Патент USA US2131050код для вставки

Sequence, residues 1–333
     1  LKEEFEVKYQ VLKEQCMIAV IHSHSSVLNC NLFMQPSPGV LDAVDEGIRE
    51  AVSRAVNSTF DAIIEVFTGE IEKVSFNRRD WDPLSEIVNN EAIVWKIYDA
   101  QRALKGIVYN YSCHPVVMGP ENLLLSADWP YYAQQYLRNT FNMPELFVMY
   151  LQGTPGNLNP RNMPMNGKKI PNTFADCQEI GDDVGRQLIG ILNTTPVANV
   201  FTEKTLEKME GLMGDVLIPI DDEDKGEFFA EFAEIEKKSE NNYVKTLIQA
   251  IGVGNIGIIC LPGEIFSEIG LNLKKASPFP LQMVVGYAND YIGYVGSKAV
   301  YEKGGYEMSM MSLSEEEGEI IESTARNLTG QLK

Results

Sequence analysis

Sept- 27, 1938- P. A. KINZIE 2,131,050 RECIPROCATING GATE VALVE Original Filed Feb_ 8, 1953 5 Sheets—Sheet 1 a“ J7 o 251 A m ‘Sept. 27, 1938. P_‘A_ K1NZ|E 2,131,050 RECIPROCATING GATE VALVE Original Filed Feb. 8, 1933 (_Z" ' ' 4w /g I 5 Sheets-Sheet 2 i127‘ .4. / L5? Sept. 27, 1938. P. A. KINZIE 2,131,050 RECIPROCATING GATE VALVE Original Filed Feb. 8, 1933 5 Sheets-Sheet 3 \ i Il 0 I\\\\\ D -“ Sept. 27, 1938. P. A. KINZIE ‘2,131,050 RECIPROCATING GATE VALVE Original Filed Feb. 8, 1933 5 Sheets-Sheet 4 Sept. 27, 1938. P, A, Kmzn; 2,131,050 RECIPROCATING GATE VALVE Original Filed Feb. 8, 1933 ,5 Sheets-Sheet 5 (171274 / é a /g 16 ¢/ / / 51a % ‘57 I l 30" / J0 ‘14 3 J2 <35 0'7 Lil J Lil J4 3a N & \\\\\, \1 I J5 a? ‘if J5 k Zé0Z§ J0‘ % § § % \ \ xx // x JJ Z] W.‘ _ @1174 Q» A _ Patented Sept. 27, 1938 2,131,050 UNITED STATES PATENT OFFICE 2,131,050 RECIPROCATING GATE VALVE Phillip A. Kinzie, Denver, 0010., assignor to Uni versal Hydraulic Corporation, Denver, 0010., a corporation of Colorado Application February 8, 1933, Serial No. 655,803 Renewed October 22, 1937 16 Claims. This invention relates to valves of the verti cally reciprocating type wherein the stream flow therethrough is unimpeded when the valve ele ment is at one extreme of its travel, and is en 5 tirely closed oil‘ at the other extreme of its travel, and more particularly to valves of such size and/or employed to control the ?ow of ?uid under such pressures that it would be dif?cult or im practicable to control or operate them manu 10 ally. Valves such as contemplated by this invention are primarily intended for use under exception ally severe operating conditions where heavy pressures are prevalent and relatively large quan 15 titles of fluid are to be controlled at high veloci ties of flow therethrough, in short to that ?eld of service where conventional types of gate valves or slide gates or other similar equipment is inade quate. Valves having a slidingly reciprocating leaf ele ment provided with an aperture arranged to reg ister with the ?uid conduit when open, and so maintain a continuity of the water passage sur faces have been known and used for many years 25 and that portion of this invention wherein simi lar construction is used is not claimed as new. Such gates have given good service under favor able conditions of operation, but, in the larger sizes where pressure intensities were increased, 30 an excessive operating force was required to slide the leaf across the stationary seat members, and when movement was so produced, the abrasion upon the seating surfaces of both the stationary and moving parts caused by the heavy water (Cl. 251-56) the design data applicable to the known type of sliding gate valves affords no satisfactory solu tion for equipment which is adequate to meet, control and guard forces of this order of mag nitude. The water pressure or load when closed upon the valve element operating under the stated con ditions is approximately 2,000,000 pounds and, to insure an operating capacity capable of moving a known sliding gate valve under normal condi tions, a coe?icient of friction of 0.6 would be used in determining the lifting effort required, which would accordingly be 1,200,000 pounds. An oper ating mechanism of this capacity would be both cumbersome and costly, and the structural prob lems involved in uniformly distributing its reac tions into the various parts far from simple. By employing the construction and principles of this invention, the maximum lifting effort required is estimated to be only 46,000 pounds, although the hoist provided and illustrated has been arbitra rily increased to deliver 100,000 pounds. According to the present invention, the ?eld of utility of this type of valve may be extended to the control of large quantities of water under high pressures such as the larger trunk mains in municipal water systems, in penstocks for gen eration of power, and, in general to installations in which it would be impracticable to apply those of the plain sliding type. This invention is not limited, however, to those ?elds of use in which the sliding gate is impractical, since it may be employed in any case where it is necessary or desirable to operate a reciprocating gate with a 35 loads was likewise excessive, producing a chat minimum force. tering action which in some cases was exception ally severe, and detrimental to the valves and to the structures Within which they were included. This condition became more acute as their sizes 40 were increased. An object of the invention is to provide a recip rocating gate valve of an improved design which is suitable for large size valves and/or for valves controlling the flow of fluids under heavy pres sures. An object of the invention is to provide a reciprocating type of valve wherein no sliding contact occurs between the mating stationary and moving seating surfaces when opening or closure of the valve is being e?’ected. An object is to provide a valve of the reciprocating type wherein the opposing faces of the stationary and To more clearly depict the possibilities of this invention, the following data are included in this application. The valve illustrated in the accom panying drawings is designed for an 86" diam~ 45 eter conduit under 300 pounds per square inch working pressure, and will be required to close when 3700 cubic feet per second of water are passing therethrough, at a velocity of 91 feet per second, i. e., to interrupt a ?ow of water which 50 represents a total theoretical energy of more than 230,000 horsepower. When dealing with forces whose orders of magnitude are such as these, and when they are concentrated within such rel atively small boundaries, the potential destructive 5 capacities are difficult to visualize properly; and ' movable parts comprising the closing and sealing elements come into contact in a. direction normal or perpendicular to those faces and in the same direction as the line of ?uid ?ow, without any sidewise or rubbing motion between those faces at any time. An object is to provide a valve of the reciprocating type of such design and con struction that it requires but a small fraction of the operating force employed in other valves to 55 2 2,131,050 function. An object of the invention is to provide a valve of the reciprocating type wherein the members sealing the valve when closed against leakage will be tight against the highest pres Cl sures and will so remain through many years of service. A further object of the invention is to provide a valve of the reciprocating type wherein air is automatically supplied to the valve and associated conduit during the opening and clos 10 ing cycles to reduce the erosion that normally occurs when the fluid flow is at such high veloci ties as to produce vacuum pockets at regions where there are abrupt changes in the outline or contours of the ?uid passage. A further object of the invention is to provide a valve including a movable member supported upon rollers, and in which the slight distortion of the valve mem of Fig. 6, but with some parts omitted to illus trate the toggle unit in plan; and Fig. 8 is an enlarged, fragmentary section taken substantially on line 8-—8 of Fig. 1. Before proceeding to a detailed description of this invention, particular attention is directed to the fact that, while the embodiment described ber produced by heavy water loads impressed and illustrated herein is for insertion in a pipe line or conduit, it can, by relatively slight altera tions, be made to function particularly well upon 10 the upstream or water face of high dams, where, mounted at the portals or entrances of sluice ways through the bases of such dam, or on the inlet ends of conduits of the largest size there through, it wil function equally well under very 15 high heads. In installations such as these, it would consist of a square or rectangular leaf member mounted upon the roller-trains on either upon it is automatically compensated so that the roller elements are uniformly loaded across the full length of their faces, and are thereby made more dependable and safe. More speci?cally, an side and including the wedge roller-train for placing the leaf member upon or withdrawing it from mating seating engagement with the sta tionary seat members without sliding, rubbing or object of the invention is to provide a valve of abrasion thereof in the same manner as will be the reciprocating type which is adapted to the control of the flow of large quantities of water under high pressures and velocities, positively, safely and economically, and which may be actu ated either by an electrically-driven mechanical hoist as illustrated in this application, by hydrau 30 lic cylinders wherein the pressure ?uid is supplied by a power-driven pump, or by hydraulic cylin described in the embodiment of the invention as ders supplied by pressure ?uid either from the conduit upstream from the valve, or from any suitable independent source of supply. A further object of the invention is to provide a valve of the reciprocating type wherein the power-driven operating mechanism is self-con tained, and largely an integral cooperating part of the valve, of simple and rugged construction 40 and is of but few parts economically supplied. A further object of the invention is to provide a valve of the reciprocating type in which free and uninterrupted fluid ?ow is provided through the valve when open, with all parts of the conduit 45 passage smooth and in unbroken continuity with that of the conduit on either side. These and other objects and advantages of the invention will be apparent from the following speci?cation when taken with the accompanying 50 drawings, in which: Fig. 1 is a downstream elevation of one embodi ment of the invention, part of the case being broken away to show the valve in closed position; Fig. 2 is a side elevation thereof, wherein the line of ?uid flow is from left to right; Fig. 3 is an enlarged vertical section taken on line 3—3 of Fig. 2, the valve leaf member being shown in elevation and in open position; Fig. 4 is a side view of the carriage and valve 60 leaf, with parts shown in section, and of the roller trains which carry the same; Fig. 4a is a diagrammatic view illustrating the mode of operation of these parts; Fig. 5 is a vertical section taken through one 65 side of the bonnet and upper portion of the con duit, taken substantially on line 5-5 of Fig. 1, and illustrating one of the toggle operating units in the position which it occupies near the end of the closing movement of the valve leaf; 70 Fig. 6 is a similar view illustrating the parts in their respective positions when the valve leaf is fully closed; Fig. 7 is a fragmentary, but enlarged hori 75 zontal section taken substantially on line 1—1 herein illustrated. 25 As indicative of the contemplated sizes and services in which this embodiment of the inven tion may be employed, certain applications of the novel valve constructions will be speci?ed. The valve is adapted for use as a shut-off valve 30 in a penstock adjacent to a turbine, as a stop valve in a high-pressure trunk main in a city water supply system, as an emergency shut-off valve behind a needle valve, as a free discharge valve on the end of a pipe or conduit through 35 a high dam or similar installation, and/or for the control of water or fluid flow in large quanti ties and under heavy pressures. In the drawings, the reference numeral I identi?es the bonnet cover which is arched in 40 cross-section throughout its transverse length and is provided with bolted ?anges upon its under side for making ?uid-tight jointure with the opposing and mating upper face of the bonnet 2. The bonnet cover I provides a pedestal base in 45 its middle length, to which the electric motor 3 is bolted, and its upper face at either end is formed into the bowl-shaped gear cases 4, one of which is shown in section in Fig. 3, in which view are also shown the worm gear 5, thrust 50 bearings 6, and gear hub extension 1, whose up per end is contracted to threadably receive the stem 8 and thereby forms the lifting nut for its stem; it being understood that the parts just de scribed are duplicated at the opposite end of 1. 55 This sectional view also shows the stu?ing-box with its gland 9 whereby the oil in gear case 4 is prevented from escaping therefrom around the lower gear hub, and the lower stufiing-box with its gland l0 whereby pressure fluid inside the bonnet and cover is prevented from escaping up wards around the stem 8. In this view it will be seen that the upper and lower stuffing-boxes just described are formed integrally with bonnet cover I, Hand-holes II are provided to give access to 65 glands 9 and Ill. Oil-tight covers l2 on the gear cases 4 are provided with conically~shaped ex tensions l3 on their under sides, the lower faces of these resting against the upper faces of the top thrust bearings 6, and these receive the up 70 thrust from the stems 8 and transmit it through the covers I2 to the bonnet cover 1 whenever the valve element is being closed, as will be described later. The motor 3 is provided with shaft exten sions at its opposing ends which are connected by 75 3 2,131,050 ?exible couplings I4 to shaft extensions which are integral with worms, not shown, meshing with the worm gears 5. Bonnet cover I and its hoisting equipment are held fast to the bonnet 2 which extends down wards, terminating in a ?ange face which is bolted in ?uid-tight engagement with the mat ing upper ?ange face of valve casing l5. Bonnet 2 receives and envelops the valve element or 10 leaf when the valve is open and is composed of two channel or C shaped castings when viewed from above, see Fig. '7, provided with vertical mating ?anged faces which are bolted together to form ?uid-tight joints. The two halves of 15 the bonnet are symmetrical and surround a rec» tangular space to enclose the valve element when raised, the vertical plane of the joint faces of these ?anges being at right angles to the line of fluid ?ow and coinciding with the center lines 20' of the two stems B, the gear cases 4 and of the bonnet cover I. The valve casing I5 and the lower bonnet l6 are likewise each composed of upstream and downstream halves whose vertical mating ?anged faces join in the same line and 25 plane as that of the bonnet ?anges, as may be seen in Fig. 2. Valve body 15 is provided with a cylindrical upstream extension terminating in a ?anged face for connecting to the ?uid con duit l1, and a similar extension downstream with 30 a similar ?anged face for connection to the fluid conduit IT on that side. Midway of the stream flow length of casing I5 a vertical rectangular recess interrupts the continuity of the ?uid pas sageway, this recess being rectangular in plan 35 with its major length normal to the line of ?uid ?ow and in alinement with and of the same di mensions as the rectangular space enclosed with in bonnet 2 and lower bonnet Hi. It is within this recess that valve element or leaf IB (Figs. 4, 5, 6, 'I and 8) reciprocates vertically, upwards to open the valve and downwards to effect closure. The downstream half of casing I5 is provided with a cored passage [9 surrounding the upper portion of the cylindrical wall forming the down stream ?uid passageway, and an appropriate number of cored holes 20‘, Figs. 5 and 6, through this wall, provide communication between the ?uid passageway 2| and cored passage l9, which communicates in turn with an air inlet manifold, not shown, through the three ?anged openings 2|. The manifold is connected by suitable pip ing to an automatic air valve, not shown, which admits air through the ports and passages de scribed to the fluid passage whenever a negative pressure begins to develop therein adjacent to the ddwnstream face of valve element IB during its opening or closing movements. The air inlet valve may be of any appropriate design, but is preferably of the type described and claimed in 60 my copending application, Ser. No. 649,222, ?led December 28, 1932. Lower bonnet l6 receives the lower portion of valve element i8 when lowered to the closed po sition, and its lower end terminates in. a ?anged 65 face to which the head 22 is bolted in ?uid-tight engagement. The valve element or moving leaf It! consists of a rectangular plate or casting having a cylindri cal opening formed in its lower portion which reg isters with and forms continuity with the adja cent upstream and downstream ?uid passageways in casing l5, when the valve is fully opened. The walls 23 de?nin'g this lower cylindrical opening 75 or passage in the leaf II are of such axial length as to extend substantially to the adjacent cylin drical walls of the casing 45 when the valve is fully opened, thus avoiding eddies and turbulent ?ow through the valve. The upper portion of the leaf I8 is carefully ?nished to receive and mount the seat ring 24 which is of non-corrosive metal and ?rmly fas tened to valve element by countersunk screws. A similar stationary seat ring 25, Fig. 8, is at tached in similar manner to the recess face of 10 the downstream half of casing l5, by counter sunk screws, while a complementary guide bar 26 is fastened to the upstream half of casing 15; it being understood that stationary seat ring 25 is mounted concentric with the axial center line of the ?uid passageway through the valve, while the guide bars 26 stand vertically and equidis tant from that same center line. The upstream face of valve element IB is provided with vertical guide bars 21, Fig. 8, which are mounted on screws 28 and forced into constant sliding en gagement with stationary guide bars 26 by springs 29. As shown in Fig. 8, it will be seen that the valve leaf is composed of a vertical membrane portion with cored holes therethrough 25 and an arched or barrel vaulted downstream membrane portion 30 joined thereto throughout its vertical height, with the arch crown pointing downstream, and with its abutments and con nections to the upstream membrane in continu 30 ous vertical alinement to form a span equal to the diameter of the ?uid passageway through the valve. Spaced at equal vertical distances throughout the lengths of these abutments are heavy curved webs or reinforcing ribs 3| which 35 extend between the vertical side walls 32 and the transverse plate and membrane 38. Vertical walls 32 extend downstream from the junctions of the vertical membrane and arch abutments to the plane of the ?nished surface upon which 40 seat ring 24 is mounted, as may be seen in Fig. 8. On either side of valve element and extending outward from its vertical side walls 32, in planes normal to ?uid ?ow. are track members or rails 33 and wedge track members 34 which are joined 45 by connecting ribs 35, alined with the ribs 31 on the interior faces of the side walls 32 to act in unison as cantilevers in resisting bending stresses produced by ?uid pressures as will be explained later. The upstream sides of the roller tracks 33 are ?nished in a true vertical plane to guid ingly receive the rollers 36 of the endless roller trains which are arranged at each lateral edge of the valve element. The downstream faces of tracks 34 are machined on an inclined plane with respect to the finished surface of track 33, as shown in Fig. 4, so that the horizontal distances between these two surfaces are greater at the top of valve element It! than that at the lower extremities of the tracks, and these inclined sur faces of tracks 34 are provided with non corrosive, hardened metal facing members 31 to guidingly receive the rollers 38 of the wedge roller-trains. The upper portion of valve element is termi nates in a horizontal plane provided with ?nished pads 39 to boltingly receive the bottom toggle bearings 4!) which are provided with pins 4| on which - lower toggle links 42 are swingingly mounted. The upper ends of links 42 receive 70 knuckle pins 43 on which are rotatably mounted toggle rollers 44 and the lower ends of toggle links 45, the upper ends of which are swingingly received upon pins 46 mounted in cross-head extensions 41 which are attached to the opposite 76 4 2,131,050 ends of crosshead 48 by bolts 49. Cross head ex tensions 41 are each provided with vertical bosses tapped with acme threads of coarse pitch to re ceive the similarly threaded lower ends of hoist stems 8. From this it will be seen that opening (upward) or closing (downward) movement of the valve element [8 is imparted to it from the hoist and stems through the cross-head and toggles, and 10 that so long as the toggles are restrained in their collapsed or extended positions as shown in Fig. 5, the valve element, the toggles, the crosshead assembly and the stems will all move in unison and in equal amount in either direction. 15 As shown in Fig. 3, the crosshead extensions 41 terminate in cylindrical portions 50 forming shouldered trunnions which are received in the matingly bored hole 5i, Fig. 4, in the upper ends of the roller carriages 52 upon which the endless roller-trains 36 are mounted. There is one roller carriage at each side of the valve, and the car riages are ?rmly secured upon the opposite cross head extensions 41 by retaining collars 53 which are bolted to the trunnions 50 and bear against 25 shoulders formed by counterboring the openings 5| from their outer faces. Shims 54 are inserted between one or both of the crosshead extensions 41 and the crosshead 48 to adjust the spacing of the extensions 41 to prevent any bending or 30 binding of the stems 8 when the latter are raised or lowered to operate the valve. With the described connections, it is obvious that the roller carriages are rigidly connected through the crosshead 4B, and that the carriages 35 and crosshead move up and down with the stems 8 when the motor 3 is operated to roLate the gear hub extensions 1. Each roller carriage 52 is provided with a semi circular bottom end piece 55 bolted thereto, with 40 adjusting shims 56 provided between the oppos ing end faces to provide the proper tension in the endless roller-trains. From Fig. 4 it will be seen that each roller carriage 52 and its bottom end piece 55 together resemble a tall and very 45 narrow letter c reversed, and that these parts together with the outside face of track member 33, which is an integral part of the valve ele ment, constitute the raceway upon which the endless train of rollers 36 is mounted, and around which they travel whenever the sate stems 8 are moved vertically in either an upward or downward direction. By reference to Fig. 8, it will be seen that the intermediate portion of the roller carriage resembles the letter H in cross 55 Section and that the surfaces of the two parallel outer faces constituting the legs of the H have been machined to receive facing members 51 and 58, which are held thereto by countersunk screws. Facing member 51 guldingly receives the rollers 00 38 of wedge roller-train, and facing member 58 guidingly receives the rollers 36 of endless roller train. These facing members are of hardened non-corrosive metal and are ?nished accurately to insure full face contact of the rollers contact ing them so that they will safely carry the heavy loadings imposed upon them, as will be explained hereafter. In the downstream half of gate casing l5, a facing member 59 is placed for engaging the faces of rollers 36 opposite those contacted by the 70 facing member or track 58. Facing member 59 extends vertically throughout the entire height of body I5 and registers with similar members above in bonnet 2 and in lower bonnet l6. Turning again to Fig. 8, which is a horizontal 75 section upon the center line of the valve with the valve in the closed position, it will be seen that the fluid pressure upon the upstream face of the valve element 18 is carried to the vertical walls 32 and from thence to the cantilever formed by the laterally extending members 33, 34 and 35 which rest upon rollers through which the load is transferred through track 51 to the carriage 52, then through the track 58 to rollers 36 through which in turn it is transferred to track 59, and from thence into the downstream half of casing 10 l5, which is embedded in concrete. This load may be very heavy and in order that it may be successfully and safely transferred through the various members just enumerated, it is essen tial that it be evenly distributed across the face 15 widths of the trains of rollers. With loadings as heavy as are here encountered, and concen trated in such small con?nes, it is obvious that however strong and rugged the parts may be, there necessarily will be some appreciable de 20 ?ection which would seemingly make even or uniform load distribution difficult or imprac ticable. To overcome this obstacle the H section of roller carriage 52 is made with the middle portion or cross bar joining the two legs of the 25 Stem of such proporitons as to be amply strong, acting as a column, to transfer the load from rollers 38 to rollers 36, and yet at the same time be sufficiently ?exible as to permit complemen tary de?ection of the two legs of the H so that 30 they re?ect and parallel the de?ectional distor tion in the lateral ?ange 34 and in valve element I8, and thereby maintain practically uniform load distribution across the faces of the rollers. The upstream and downstream halves of bonnet 35 2, Figs. 5 and 6, are each provided with vertically disposed roller bars 60 which are rollingly en gaged by toggle rollers 44, thereby maintaining the toggles in the collapsed or extended position shown in Fig. 5 until the rollers reach the lower 40 extremities of bars 60 and, following the mutual ly expanding curves of inserts 6!, the toggles ex pand sidewise and simultaneously shorten verti cally until they ultimately attain the positions il lustrated in Fig. 6. Bars 6|! are ?nished and are composed of non-corrosive metal, as are inserts 6| which are hardened in order that they may safely carry the heaviest reactions imposed upon them by the toggles. When the toggles have assumed the positions shown in Fig. 6, the valve element I8 is then in 50 its lowermost position and the valve is tightly closed, and in order that further downward move ment of the valve element may be prevented, a ribbed shelf 62, Fig. 1, is provided on the opposite sides of its cylindrical lower portion. The under 55 faces of these ribbed shelves are finished and en gage mating buffer plates 63 which rest upon stop brackets 64, the buffer plates having a limited vertical movement to compress rubber buffers, 60 not shown, to absorb the shock when the down ward movement of the leaf is arrested by the en— gagement of the shelf 62 and buffer plates 63. So long as the toggle mechanisms are main tained in their extended or collapsed positions by their rollers riding against the roller bars 66, any 65 movement in either an upward or a downward direction of stems 8 is re?ected in equal amount simultaneously by the crosshead 48, crosshead ex tensions “, all the crosshead mechanisms, valve 70 element l8, and roller carriages 52, while the end less roller-trains, carrying the imposed water load transmitted to them from the upstream side of the valve element, roll along upon the supporting faces of track members attached to the down 75 .2,13I,050 stream half of valve body, at one-half the speed of the stems and other moving parts, and in the same direction. This condition continues in downward movement of the parts enumerated until such time as the toggle rollers reach the bottom extremities of roller bars 60 and run .the carriages, and the racks ‘61 which are bolted to the valve element. The pinions consequently rotate with the same angular velocity as the rollers, and being in toothed engagement with the complementary racks, maintain their respective roller-trains in their proper positions relative to both the valve onto the oppositely expandingly curved surfaces and the two carriages. of inserts ii! at which time they begin to expand 1 element When the valve is closed and the opening cycle as previously described, while the valve element begins, the stems draw the carriages upward and. 10 10 ceases further downward movement by virtue of the inclined planes thereon gradually force the the engagement of its stops 62 with the stop plates wedge roller-trains engaged therewith to move 63 which now hold it stationary. Continued downward movement of the stems is now accom— H l panied by similar and equal movement of the crosshead, crosshead extensions and the roller carriages mounted thereon, this further down ward movement of these parts being accommo dated with respect to the now stationary valve element by the expansion of the toggles and their As the carriages and their roller-trains then roll along beneath the valve element, the wedge roller-train 33, Fig. 20 consequent vertical shortening. 4, rolls down the inclined plane of the facing mem bers 51 attached to the carriage, with a velocity which is one-half that of the carriage, and simul .0. an the valve element in an upstream direction axial ly‘ with respect to the horizontal center line of the valve and that of the ?uid conduit as well,.‘ so that the valve element is moved away from en gagement with its seat prior to the time that it ?rst begins to move vertically, and in consequence, the opening of the valve and its closing as well is all accomplished without any sliding action oc-.. 20 curring between the working surfaces at any time. and inasmuch as the entire cycle of movement is accomplished through the agency of the rollers, the force required is greatly reduced, and the sealing members are protected from abrasion or. i ; taneously rolls down the parallel and comple mentary inclined plane of facing members 3'! wear. which are attached to valve element ID, for a distance which is equal to one-half that which the carriage makes with respect to the valve ele ment. For this embodiment of the invention as il ness of illustration, the parts are not shown in the same relative sizes as in the other views. The“ 30 valve element l3 and carriage 52 are shown in the positions which they occupy when the car The mode of operation is illustrated diagram matically in Fig. 4a, in which, for greater clear lustrated, the carriage moves downward 8% riages have been lowered to that position which inches farther than the valve element, and the brings the sealing elements on the casing and the taper of the inclined planes on the two parts men~ 'valve member into axial alinement. Further : l tioned is such that this 8% inches downward movement of the operating mechanism displaces travel of the carriage is accompanied by a right the carriage downward, as indicated by arrow 0, angled downstream movement of the valve ele but there is no further downward movement of ment of 3/.452 inch, or, expressing this in another the valve member. Due to the inclination of the way, the carriage in moving downward 8% inches tracks along which rollers 38 travel, the down 40 after the valve element has come to rest on its wardmovement of the carriage removes the sup stops, permits the valve element to move down port previously provided for the valve member and stream axially with respect to the conduit and the it is forced downstream, as indicated by arrow 1), valve center line for a distance of 3%: inch. This to carry the sealing ring 24 into ?rm engagement horizontal movement of the valve element l8 the sealing ring 25 on the valve casing. bring its seat ring 24 into seating engagement with v Upon opening movement of the valve, the in with the complementary seat ring 25 in the valve clined track on the carriages wedges the valve body I5, and the ?uid pressure on the upstream element away from the casing during the initial side of the valve element forces these surfaces into upward movement of the carriages 52. ?uid-tight engagement, and the entire load so As previously stated, the invention is not re 50 produced is transferred from the valve element stricted to any particular size of valve, but pro through the seat rings directly into the down vides reciprocating valves that are adapted for stream half of the valve body. From this it will use under any conditions in which manual open be seen that the valve element is seated without ing or closing of the valve is either impracticable any sliding or dragging effect whatever occurring or impossible. It will, therefore, be understood between any of the moving parts, and that when that the invention is not restricted to the spe it has been so seated, the roller-trains and the ci?c embodiment herein illustrated and described, wedge roller-trains are relieved of all pressure and that changes may be made in the several loads now acting upon the valve element. elements, their relative size, shape and relation In order to accommodate the relative move ship without departure from the spirit of my in 60 (it ments of the wedge roller-trains 38 with respect vention as set forth in the following claims. to both the inclined track 51, on the carriage I claim: ‘ 1. A reciprocating valve comprising a housing 52 and the complementary inclined track 31 on the valve element, and still maintain the wedge with a throughway providing an inlet and outlet, roller-trains constantly synchronized and cor .the latter having a valve seat, a reciprocable gate (ill rectly positioned vertically with respect to both element movable transversely of the throughway of these surfaces under all conditions, a pinion for closing and opening the same and movable 64 is mounted at the bottom end of each of the axially thereof for seating and unseating during wedge roller-trains, between the side bars 55 absence of transverse movement, a movable car riage at each side of the gate element carrying 70 which are each continuous throughout the verti cal height of these trains and between which the continuous roller trains reducing friction and rollers 38 are mounted. The pitch diameter of transferring gate loading to said housing, coop these toothed pinions is the same as the diameter erating inclined surfaces on the gate element and of the rollers 38 and their teeth simultaneously carriages intermediate the runs of each roller 75 engage the teeth of racks 66 which‘are bolted to vtrain and arranged in relation thereto to move 6 2,131,050 the gate element axially of the throughway for seating and unseating, roller trains intermediate the cooperating inclined surfaces and synchro nized with the movement of the carriages whereby friction is reduced and the movable parts main tained in predetermined relation at extremes of travel, and means arresting transverse movement of the gate element during closing in advance of the limit of travel of said carriages. 10 2. A reciprocating valve comprising a housing with a throughway providing an inlet and outlet, the latter having a valve seat, a reciprocable gate element movable transversely of the throughway for closing and opening the same and movable 15 axially thereof for seating and unseating during absence of transverse movement, an open center movable carriage at each side of and accommo dating the gate element therein and each pro vided with a continuous roller train circumscrib 20 ing its respective carriage and the gate element, said roller trains reducing friction and transfer ring gate loading to said housing, cooperating in clined surfaces on the gate element and carriages intermediate the runs of each roller train and arranged in relation thereto to move the gate element axially of the throughway for seating and unseating, roller trains intermediate the co operating inclined surfaces and synchronized with the movement of the carriages whereby friction is reduced and the movable parts maintained in predetermined relation at extremes of travel, and means arresting transverse movement of the gate element during closing in advance of the limit of travel of said carriages. 35 3. In a gate valve, a gate housing with a ?uid passageway therethrough, a gate member within the housing movable transversely of the passage way and of sufficient dimension with respect thereto such that there is always on one side or 40 the other in the open or closed position thereof a supporting and guiding length of gate member at least equal to the dimension of the gate open ing, gate member operating means including in clined plane means moving the gate member ax 45 ially of the passage for seating and unseating the gate member, and means counteracting any tend ency of the gate to move upwardly on the inclined plane means due to pressure on the gate mem ber. 50 4. In combination with a gateway, a drop gate member seating therein, cooperating inclined plane means for moving the gate member from a seated position while under pressure in advance of opening movement, suspension means initiating the movement along the inclined plane means from the seated position and for accomplishing opening and closing travel of the gate member, and means positively controlling the movement of said gate on the inclined plane means as pres 60 sure builds up on one side thereof. 5. In combination with a gateway, a gate unit movable transversely of the way and including relatively movable parts one of which is a gate leaf, inclined plane means between the leaf and 65 complementary parts for seating and unseating the gate leaf, and gate opening and closing mech anism including cooperating means positively controlling the relative movement of the gate leaf and other gate unit parts for opening and 70 closing movements of said unit. 6. In combination with a gateway, a gate unit movable transversely of the way and including relatively movable parts one of which is a gate leaf, inclined plane means between the leaf and 75 complementary parts for seating and unseating the gate leaf, and gate opening and closing mech anism including multiple cooperating means dis posed at opposite sides of said gateway relating the relative movement of the gate leaf and other gate unit parts to equally distribute the gate raising effort and positively control the relative movement of said leaf and complementary parts as pressure builds up on one side of said leaf. '7. In combination with a housing providing a gateway, a gate unit movable‘ transversely of the 10 way and including relatively movable parts one of which is a gate leaf, inclined plane means be tween the leaf and complementary parts for seat ing and unseating the gate leaf, and gate open ing and closing mechanism including multiple cooperating synchronized means at opposite sides of said gateway relating the relative movement of the gate leaf and other gate unit parts to equally distribute the gate raising effort and co operating with said housing to control the rela tive movement between said leaf and comple mentary parts as pressure builds up on one side of said leaf. 8. In combination with a gateway, a gate unit movable transversely of the way and including 25 relatively movable parts one of which is a gate leaf, inclined plane means between the leaf and complementary parts for seating and unseating the gate leaf, and opening and closing mechanism including cooperating means squaring the gate 30 leaf and positively controlling the relative move ment of the gate leaf and other gate unit parts in all positions of said leaf irrespective of pressure thereon. 9. In combination with a gateway, a drop gate 35 member seating therein and movable transversely thereof into open and closed positions, said gate member having cooperating inclined plane means for moving the gate‘ member into and from a seated position while under pressure, means for 40 imparting transverse movement to said gate mem ber and means positively determining the rela tion of said cooperating inclined plane means throughout the transverse movement of said gate member. 45 10. In combination with a gateway, a drop gate member seating therein and movable transverse ly thereof into open and closed positions, said gate member having cooperating inclined plane means for moving the gate member into and from 50 a seated position while under pressure, means for imparting transverse movement to said gate mem ber and means counteracting the lifting force on said gate member when subjected to unbal anced pressures on opposite sides thereof. 55 11. In combination with a gateway, a gate unit movable into open and closed positions trans versely of the gateway and including a gate leaf and cooperating parts relatively movable along in clined planes for seating and unseating said gate 60 leaf, means suspending said gate unit comprising independent means connecting with said gate leaf and with said relatively movable cooperating parts for opposing a lifting force exerted on said leaf due to unbalanced pressures on opposite sides 65 thereof. 12. In combination, a gateway and a gate leaf seating therein, a carriage on which said gate leaf is movable into open and closed positions transversely of said gateway, said gate leaf and 70 carriage being relatively movable to seat and unseat said leaf, and means suspending said gate leaf through a jointed connection with said structure. 13. In combination, a gateway and a gate leaf 75 2,131,050 seating therein, a carriage on which said gate leaf is movable into open and closed positions transversely of said gateway, said gate leaf and carriage being relatively movable to seat and un seat said leaf, means suspending said carriage structure, and a jointed connection between said gate leaf and said carriage whereby a downward thrust is imposed on said gate leaf su?‘lcient to overcome a lifting force on the leaf clue to unbal anced pressure conditions on opposite sides thereof. 14. In a gate valve, a gate housing with a ?uid passageway therethrough, a gate member within the housing movable transversely of the passageway, gate member operating means in cluding inclined plane means moving the gate member axially of the passage for seating and unseating the gate member, and means counter acting any tendency of the gate to move up 20 wardly on the inclined plane means due to pres sure on the gate member. 15. In a gate valve, a gate housing with a ?uid 7 passageway therethrough, a gate member within the housing movable transversely of the passage way, gate member operating means including in— clined plane means moving the gate member ax ially of the passage for seating and unseating the gate member, and means including a toggle i'or counteracting any tendency of the gate to move upwardly on the inclined plane means due to pressure on the gate member. 16. In a gate valve, a gate housing with a ?uid 10 passageway therethrough, a gate member and a carriage therefor within the housing movable transversely of the passageway, gate member op erating means including inclined plane means between the carriage and the gate member for controlling movement of the gate member axially of the passage for seating and unseating, toggle means connecting said carriage and said gate for limited relative movement, and means limiting said toggle means in different degrees at different positions of gate member movement. PHILLIP A. KINZIE. CERTIFICATE OF CORRECTIQN. Patent No. 2,151,050. ‘ September 27, 1958. PHILLIP A. KINZIE. It is hereby certified that error appears in the printed specification‘ of the above numbered patent requiring correction as follows: Page '6, second column, line 7L», claim 12, before the word "structure" insert carriage; and that the said Letters Patent should be read with this correction there in that the same may conform to the record of the case in the Patent Office. Signed and sealed this 20th day of December, A. D’. 1958. Henry Van Arls'dale (Seal) - Acting Commissioner of Patents.